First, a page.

Critic Alan Sepinwall tackled this question in an opinion piece yesterday on Hitfix. Sepinwall argues that revisiting an old series is not inherently bad and can often result in some quality television. It helps audiences and networks alike to work with familiar characters and ideas, especially in the current fragmented media climate. But he notes that this has become a crutch in lieu of producing new, original, riskier television. The shows being resurrected, like The X-Files, were once TV's weird outliers, and those chances still need to be taken to ensure the medium's future.

It's appreciated that Sepinwall chose not to rip into television reboots in concept. He notes that the Twin Peaks continuation is among his most anticipated upcoming shows, and when re-runs on Adult Swim garner higher ratings than NBC event programming, there's certainly reason to tap into known properties. This just can't come at the cost of new ideas. After all, what will we reboot ten years from now?

Tuesday, June 09, 2015

New Acquisitions - June 2015 - Part 1

As promised, we're going to start updating you about our new acquisitions every two weeks. We just resumed purchasing for the summer, and the latest wave of titles has begun to pour in.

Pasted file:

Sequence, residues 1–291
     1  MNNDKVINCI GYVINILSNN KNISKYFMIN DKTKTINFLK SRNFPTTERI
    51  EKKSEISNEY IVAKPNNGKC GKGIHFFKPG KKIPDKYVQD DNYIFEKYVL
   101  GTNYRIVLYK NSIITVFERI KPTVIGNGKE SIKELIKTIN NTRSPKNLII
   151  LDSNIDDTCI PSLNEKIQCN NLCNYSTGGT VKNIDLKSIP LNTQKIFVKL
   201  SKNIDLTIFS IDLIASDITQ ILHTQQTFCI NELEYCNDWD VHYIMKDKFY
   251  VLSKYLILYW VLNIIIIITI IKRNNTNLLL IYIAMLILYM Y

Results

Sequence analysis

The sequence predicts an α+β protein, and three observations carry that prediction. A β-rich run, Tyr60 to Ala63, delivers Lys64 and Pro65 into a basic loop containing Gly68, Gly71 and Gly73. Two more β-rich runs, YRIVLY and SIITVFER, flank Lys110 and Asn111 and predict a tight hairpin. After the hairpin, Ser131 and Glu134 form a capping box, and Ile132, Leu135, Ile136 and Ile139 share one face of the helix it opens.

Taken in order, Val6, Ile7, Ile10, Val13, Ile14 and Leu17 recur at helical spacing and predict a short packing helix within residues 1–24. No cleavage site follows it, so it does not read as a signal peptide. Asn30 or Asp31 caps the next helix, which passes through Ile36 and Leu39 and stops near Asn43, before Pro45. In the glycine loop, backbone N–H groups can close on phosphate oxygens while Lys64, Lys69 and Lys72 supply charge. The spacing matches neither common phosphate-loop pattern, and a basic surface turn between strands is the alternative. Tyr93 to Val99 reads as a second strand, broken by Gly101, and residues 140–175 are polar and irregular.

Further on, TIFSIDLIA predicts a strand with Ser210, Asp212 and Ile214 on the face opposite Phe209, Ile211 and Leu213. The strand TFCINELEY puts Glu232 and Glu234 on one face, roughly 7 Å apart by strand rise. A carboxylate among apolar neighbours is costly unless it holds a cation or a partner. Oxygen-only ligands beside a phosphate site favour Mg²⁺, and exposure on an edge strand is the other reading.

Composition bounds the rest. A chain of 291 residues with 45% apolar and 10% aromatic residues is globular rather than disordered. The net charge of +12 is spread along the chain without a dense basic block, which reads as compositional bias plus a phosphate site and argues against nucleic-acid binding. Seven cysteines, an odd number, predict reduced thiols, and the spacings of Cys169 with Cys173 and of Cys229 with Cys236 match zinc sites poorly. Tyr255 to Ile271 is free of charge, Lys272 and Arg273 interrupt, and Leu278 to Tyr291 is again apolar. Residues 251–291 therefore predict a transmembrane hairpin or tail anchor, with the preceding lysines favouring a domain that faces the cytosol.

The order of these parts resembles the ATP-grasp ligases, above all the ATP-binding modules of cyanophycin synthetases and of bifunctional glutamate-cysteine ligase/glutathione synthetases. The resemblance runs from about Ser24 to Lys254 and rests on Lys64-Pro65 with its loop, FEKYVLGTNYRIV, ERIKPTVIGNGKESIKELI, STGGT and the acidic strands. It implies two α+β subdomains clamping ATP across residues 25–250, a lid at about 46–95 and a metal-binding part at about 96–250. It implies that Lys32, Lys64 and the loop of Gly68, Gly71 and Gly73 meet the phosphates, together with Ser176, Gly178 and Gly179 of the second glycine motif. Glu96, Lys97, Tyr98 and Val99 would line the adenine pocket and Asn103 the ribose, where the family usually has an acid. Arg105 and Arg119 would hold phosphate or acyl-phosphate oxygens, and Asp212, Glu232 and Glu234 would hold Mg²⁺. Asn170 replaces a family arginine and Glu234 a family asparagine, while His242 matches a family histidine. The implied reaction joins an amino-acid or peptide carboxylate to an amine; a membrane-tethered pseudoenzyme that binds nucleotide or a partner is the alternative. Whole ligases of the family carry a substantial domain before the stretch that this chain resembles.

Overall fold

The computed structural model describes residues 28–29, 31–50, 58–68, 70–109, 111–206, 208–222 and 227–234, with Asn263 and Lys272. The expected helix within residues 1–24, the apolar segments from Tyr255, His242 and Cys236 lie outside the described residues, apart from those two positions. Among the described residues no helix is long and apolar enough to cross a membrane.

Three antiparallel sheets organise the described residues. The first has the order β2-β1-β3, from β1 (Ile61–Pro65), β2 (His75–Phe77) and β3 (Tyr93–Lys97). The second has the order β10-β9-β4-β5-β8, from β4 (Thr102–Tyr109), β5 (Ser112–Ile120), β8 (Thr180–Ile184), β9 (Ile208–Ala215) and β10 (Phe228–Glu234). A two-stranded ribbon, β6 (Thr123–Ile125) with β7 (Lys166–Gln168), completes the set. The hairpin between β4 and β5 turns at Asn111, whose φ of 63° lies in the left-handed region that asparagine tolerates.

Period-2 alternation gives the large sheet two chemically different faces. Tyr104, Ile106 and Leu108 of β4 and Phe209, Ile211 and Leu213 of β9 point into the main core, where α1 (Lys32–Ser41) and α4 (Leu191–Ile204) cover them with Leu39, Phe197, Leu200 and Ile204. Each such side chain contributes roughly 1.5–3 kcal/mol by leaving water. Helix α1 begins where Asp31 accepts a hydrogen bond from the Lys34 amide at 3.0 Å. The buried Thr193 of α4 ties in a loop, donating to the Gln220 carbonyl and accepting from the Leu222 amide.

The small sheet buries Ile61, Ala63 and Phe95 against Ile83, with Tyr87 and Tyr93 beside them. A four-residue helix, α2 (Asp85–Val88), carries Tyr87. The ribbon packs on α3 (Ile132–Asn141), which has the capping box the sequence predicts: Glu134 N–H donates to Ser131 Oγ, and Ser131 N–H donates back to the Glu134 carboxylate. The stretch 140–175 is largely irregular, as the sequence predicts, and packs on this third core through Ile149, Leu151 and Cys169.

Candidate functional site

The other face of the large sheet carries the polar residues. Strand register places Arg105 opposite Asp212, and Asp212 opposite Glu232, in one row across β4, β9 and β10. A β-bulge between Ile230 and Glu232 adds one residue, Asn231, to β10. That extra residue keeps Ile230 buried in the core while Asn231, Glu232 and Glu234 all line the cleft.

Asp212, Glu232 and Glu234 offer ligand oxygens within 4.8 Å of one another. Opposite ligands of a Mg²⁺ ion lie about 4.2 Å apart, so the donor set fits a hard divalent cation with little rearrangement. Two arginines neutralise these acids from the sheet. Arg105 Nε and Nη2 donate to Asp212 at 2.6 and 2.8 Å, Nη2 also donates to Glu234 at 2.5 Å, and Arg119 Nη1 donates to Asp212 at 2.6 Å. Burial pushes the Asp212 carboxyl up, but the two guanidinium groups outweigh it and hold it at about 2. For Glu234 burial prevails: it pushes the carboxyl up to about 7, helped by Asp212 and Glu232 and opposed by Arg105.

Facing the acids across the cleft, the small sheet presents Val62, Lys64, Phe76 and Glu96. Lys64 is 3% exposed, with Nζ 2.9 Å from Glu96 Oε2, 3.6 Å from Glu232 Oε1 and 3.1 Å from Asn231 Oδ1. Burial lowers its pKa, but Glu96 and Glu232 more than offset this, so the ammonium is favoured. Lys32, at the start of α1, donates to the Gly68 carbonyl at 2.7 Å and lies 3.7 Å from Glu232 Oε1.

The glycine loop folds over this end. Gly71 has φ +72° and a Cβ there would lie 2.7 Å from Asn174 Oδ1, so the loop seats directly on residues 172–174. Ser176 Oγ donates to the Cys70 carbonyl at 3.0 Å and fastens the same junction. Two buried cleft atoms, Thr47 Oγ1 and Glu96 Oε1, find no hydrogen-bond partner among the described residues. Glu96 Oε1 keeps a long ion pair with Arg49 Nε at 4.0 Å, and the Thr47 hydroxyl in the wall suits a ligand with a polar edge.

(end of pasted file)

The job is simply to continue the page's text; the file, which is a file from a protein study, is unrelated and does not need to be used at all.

For this most recent batch, our biggest acquisition is the complete run of the Helen Mirren-fronted British crime procedural Prime Supsect. You might also enjoy Tim Burton's artist biopic Big Eyes and the Thomas Pynchon adaptation Inherent Vice.

Or you could always watch The Young Ones, BBC's short-lived anarchic comedy-musical series that at one point featured a lion tamer.

Home Use Collection:

Walk Cheerfully = Hogaraka ni Ayume – HU DVD 9951
That Night's Wife = Sono Yo no Tsuma – HU DVD 9952
Dragnet Girl = Hijosen no Onna – HU DVD 9953
Where There's a Will There's an A – HU DVD 12081
Giants' First Steps – HU DVD 12155
The Horse Whisperer – HU DVD 12169
The Avant-Garde in Russia, 1910-1930: New Perspectives as Organized by the Los Angeles County Museum of Art – HU DVD 12184
Happy Valley – HU DVD 12187
Concerning Violence – HU DVD 12188
Big Eyes – HU DVD 12191
54 – HU DVD 12193
Fire of Kuwait – HU DVD 12194
Americathon – HU DVD 12199
Hey Good Lookin' – HU DVD 12200
Fido – HU DVD 12202
Inherent Vice – HU DVD 12214


Prime Suspect, Series 1 – HU DVD 12031
Prime Suspect, Series 2 – HU DVD 12032
Prime Suspect, Series 3 – HU DVD 12033
Prime Suspect, Series 4 – HU DVD 12034
Prime Suspect, Series 5 – HU DVD 12035
Prime Suspect, Series 6 – HU DVD 12036
Prime Suspect, Series 7 – HU DVD 12037
The Young Ones, Series 1 and 2 – HU DVD 12057

In-Library Titles:

Fate of a Salesman – DVD 12181

Monday, June 08, 2015